State officials have issued revised fish consumption advisories for 2013 because locally caught fish may be contaminated by environmental pollutants.
Children and pregnant or nursing women are advised not to eat fish caught in Kansas more than once a week. They should limit bass consumption to once a month, due to mercury contamination. Everyone else should eat bass no more than once a week.
The Wichita Asian Festival is coming up this weekend, and I’m excited about it. I have attended nearly every year since it started 32 years ago. What began as a small celebration with a smattering of food vendors and a beauty pageant has grown into a huge multicultural event. There’s still a pageant, but now the entertainment ranges from East Indian dance troupes to martial arts demonstrations. It’s a blast, but the best part for me has always been the food.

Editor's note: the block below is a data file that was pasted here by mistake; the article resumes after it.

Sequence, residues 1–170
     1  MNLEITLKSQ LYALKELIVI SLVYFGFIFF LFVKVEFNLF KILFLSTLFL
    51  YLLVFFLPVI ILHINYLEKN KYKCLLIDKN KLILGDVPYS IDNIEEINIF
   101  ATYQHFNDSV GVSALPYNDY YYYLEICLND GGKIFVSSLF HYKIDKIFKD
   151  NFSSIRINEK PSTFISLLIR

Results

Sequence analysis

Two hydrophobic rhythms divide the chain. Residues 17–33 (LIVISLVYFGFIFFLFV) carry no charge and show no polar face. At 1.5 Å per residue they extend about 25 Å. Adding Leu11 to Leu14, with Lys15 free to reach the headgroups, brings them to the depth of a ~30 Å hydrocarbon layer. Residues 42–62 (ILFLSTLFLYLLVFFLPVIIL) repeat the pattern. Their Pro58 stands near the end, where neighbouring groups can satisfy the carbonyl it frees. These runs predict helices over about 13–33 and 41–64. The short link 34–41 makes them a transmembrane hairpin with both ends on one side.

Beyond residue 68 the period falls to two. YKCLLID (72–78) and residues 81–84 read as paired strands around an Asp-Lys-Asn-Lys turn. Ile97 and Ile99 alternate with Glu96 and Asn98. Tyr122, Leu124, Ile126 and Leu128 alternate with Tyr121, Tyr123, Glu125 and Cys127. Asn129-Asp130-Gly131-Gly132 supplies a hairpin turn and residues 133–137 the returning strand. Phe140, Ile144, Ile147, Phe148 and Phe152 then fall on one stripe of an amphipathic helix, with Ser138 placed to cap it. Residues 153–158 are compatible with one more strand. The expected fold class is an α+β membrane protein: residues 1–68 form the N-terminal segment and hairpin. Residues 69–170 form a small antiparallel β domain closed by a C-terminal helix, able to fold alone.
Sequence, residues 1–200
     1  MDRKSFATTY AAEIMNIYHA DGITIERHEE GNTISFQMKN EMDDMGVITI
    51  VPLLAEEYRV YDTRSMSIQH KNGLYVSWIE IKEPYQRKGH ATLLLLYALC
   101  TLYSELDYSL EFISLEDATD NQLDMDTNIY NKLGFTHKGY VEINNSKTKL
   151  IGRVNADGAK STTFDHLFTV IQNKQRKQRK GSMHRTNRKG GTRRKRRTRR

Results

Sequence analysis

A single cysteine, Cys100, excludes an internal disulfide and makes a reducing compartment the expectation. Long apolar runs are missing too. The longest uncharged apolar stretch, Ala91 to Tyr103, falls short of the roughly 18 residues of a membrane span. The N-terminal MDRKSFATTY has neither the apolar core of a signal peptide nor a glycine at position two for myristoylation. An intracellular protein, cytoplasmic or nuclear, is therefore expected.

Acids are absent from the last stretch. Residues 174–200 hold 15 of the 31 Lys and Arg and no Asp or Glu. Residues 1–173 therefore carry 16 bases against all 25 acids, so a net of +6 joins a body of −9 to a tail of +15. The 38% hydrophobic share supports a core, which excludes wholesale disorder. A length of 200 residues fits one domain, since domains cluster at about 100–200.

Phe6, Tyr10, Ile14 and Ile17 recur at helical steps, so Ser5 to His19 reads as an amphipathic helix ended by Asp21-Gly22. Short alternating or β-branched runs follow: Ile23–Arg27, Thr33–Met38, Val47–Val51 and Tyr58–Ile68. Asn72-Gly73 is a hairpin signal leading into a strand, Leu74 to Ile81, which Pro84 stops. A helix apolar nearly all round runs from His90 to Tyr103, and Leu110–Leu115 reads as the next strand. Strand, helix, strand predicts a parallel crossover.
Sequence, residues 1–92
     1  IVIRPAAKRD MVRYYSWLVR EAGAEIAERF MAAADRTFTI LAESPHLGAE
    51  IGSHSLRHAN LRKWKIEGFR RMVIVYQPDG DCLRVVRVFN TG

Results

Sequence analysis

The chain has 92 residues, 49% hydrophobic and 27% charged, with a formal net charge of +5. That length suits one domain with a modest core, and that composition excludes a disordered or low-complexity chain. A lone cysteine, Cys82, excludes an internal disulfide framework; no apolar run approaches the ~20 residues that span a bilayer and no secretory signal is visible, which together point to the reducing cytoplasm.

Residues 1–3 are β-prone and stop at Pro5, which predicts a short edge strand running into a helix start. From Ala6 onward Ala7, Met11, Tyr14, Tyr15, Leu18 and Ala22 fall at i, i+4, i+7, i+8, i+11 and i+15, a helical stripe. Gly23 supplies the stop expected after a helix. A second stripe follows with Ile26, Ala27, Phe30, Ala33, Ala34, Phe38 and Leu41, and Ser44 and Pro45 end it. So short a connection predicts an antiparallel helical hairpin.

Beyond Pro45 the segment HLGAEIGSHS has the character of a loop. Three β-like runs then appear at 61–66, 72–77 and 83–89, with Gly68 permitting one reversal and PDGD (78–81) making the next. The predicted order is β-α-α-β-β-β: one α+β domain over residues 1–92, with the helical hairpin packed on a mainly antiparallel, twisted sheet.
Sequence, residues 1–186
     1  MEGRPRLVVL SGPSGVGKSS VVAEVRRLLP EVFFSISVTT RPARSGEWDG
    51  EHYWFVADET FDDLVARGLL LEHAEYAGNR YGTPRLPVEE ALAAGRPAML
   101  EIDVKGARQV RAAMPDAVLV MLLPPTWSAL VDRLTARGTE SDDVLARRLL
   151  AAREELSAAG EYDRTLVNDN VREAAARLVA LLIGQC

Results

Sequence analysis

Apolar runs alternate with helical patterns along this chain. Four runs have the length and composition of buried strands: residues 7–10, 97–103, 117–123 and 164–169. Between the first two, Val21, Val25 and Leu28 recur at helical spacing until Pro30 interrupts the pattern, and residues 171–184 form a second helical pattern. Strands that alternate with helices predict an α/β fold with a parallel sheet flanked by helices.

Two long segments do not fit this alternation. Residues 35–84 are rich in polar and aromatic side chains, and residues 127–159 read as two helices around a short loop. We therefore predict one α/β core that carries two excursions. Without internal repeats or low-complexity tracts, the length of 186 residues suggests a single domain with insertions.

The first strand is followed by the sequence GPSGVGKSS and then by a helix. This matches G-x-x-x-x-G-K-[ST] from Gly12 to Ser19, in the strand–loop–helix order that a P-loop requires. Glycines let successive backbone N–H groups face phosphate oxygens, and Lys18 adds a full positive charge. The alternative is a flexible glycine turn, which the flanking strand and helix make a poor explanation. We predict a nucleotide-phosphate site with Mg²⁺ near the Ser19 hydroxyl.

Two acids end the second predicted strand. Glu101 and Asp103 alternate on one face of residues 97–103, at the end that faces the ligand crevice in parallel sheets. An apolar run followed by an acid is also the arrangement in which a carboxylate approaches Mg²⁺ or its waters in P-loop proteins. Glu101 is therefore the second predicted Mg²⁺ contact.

Want to step into a time machine? I know how. Go to Doc’s Steakhouse on North Broadway and hold onto your hat. Doc’s is retro all the way, from cobbled exterior to entirely brown interior. This is old-school Wichita.
Doc’s is a real experience, in every sense of the word. It is located on North Broadway, between a couple of Mexican restaurants, a Vietnamese market, and a pawn shop. It is a part of Wichita history, where our Mad Men would drink and eat meat and drink martinis, and deals of all kinds were brokered. Nothing about it is modern in any way, except for the televisions.
I have talked often of my love for very spicy food. I like to eat things so chili-hot that my eyes water and I get a sort of sparkly endorphin rush. I don’t like heat for heat’s sake, though, so the dish itself has to be delicious and well made, and the chilies need to enhance rather than obscure the flavors within. You aren’t going to see me judging jalapeno eating contests any time soon. I’d much rather be slurping up Thai noodles and curries at Chiang Mai.